Those alleged Gmail hackers from China weren't messing around: They went after the White House, reports the Wall Street Journal. It remains unclear exactly who was targeted or whether any sensitive information was compromised, but the hackers were apparently hoping that high-ranking officials were conducting government business on their personal accounts. The practice is officially prohibited but generally considered to be widespread because private emails have more protection from official investigations and FOI requests.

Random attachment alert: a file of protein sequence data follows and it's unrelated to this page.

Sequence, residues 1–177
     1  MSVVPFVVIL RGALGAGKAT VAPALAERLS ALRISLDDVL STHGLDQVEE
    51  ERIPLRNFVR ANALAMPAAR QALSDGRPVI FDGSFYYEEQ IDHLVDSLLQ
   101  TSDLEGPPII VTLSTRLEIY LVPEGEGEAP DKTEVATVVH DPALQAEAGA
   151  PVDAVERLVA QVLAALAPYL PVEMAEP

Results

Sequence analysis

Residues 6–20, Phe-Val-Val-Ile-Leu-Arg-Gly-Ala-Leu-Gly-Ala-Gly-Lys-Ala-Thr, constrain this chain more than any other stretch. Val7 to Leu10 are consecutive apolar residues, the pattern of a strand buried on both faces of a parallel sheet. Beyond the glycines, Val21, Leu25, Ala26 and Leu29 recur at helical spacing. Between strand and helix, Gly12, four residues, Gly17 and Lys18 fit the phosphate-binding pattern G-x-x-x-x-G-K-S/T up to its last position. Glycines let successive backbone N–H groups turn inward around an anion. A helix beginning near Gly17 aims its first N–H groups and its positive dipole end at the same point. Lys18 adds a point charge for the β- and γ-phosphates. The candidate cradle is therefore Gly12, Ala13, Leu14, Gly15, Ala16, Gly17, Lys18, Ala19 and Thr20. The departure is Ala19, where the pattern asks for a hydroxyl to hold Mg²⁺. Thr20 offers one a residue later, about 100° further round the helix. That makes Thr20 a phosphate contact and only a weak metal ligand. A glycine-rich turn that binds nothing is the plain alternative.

"These allegations are very serious," said Hillary Clinton, and the FBI has launched an investigation. This particular phishing attack wasn't all that sophisticated, according to CBS. "It looked like an innocent looking email offering the latest US/China joint statement—but if the reader clicked on the document, what appeared next was a Gmail log in page—which was fake—and which fooled some users into giving up their private passwords." The Washington Post says the personal account of one "Cabinet-level official" got compromised in the ruse. The ultimate goal may have been to gain control of the victims' home computers and monitor everything on them. China denies it was a state-sponsored hack. (Read more Gmail stories.)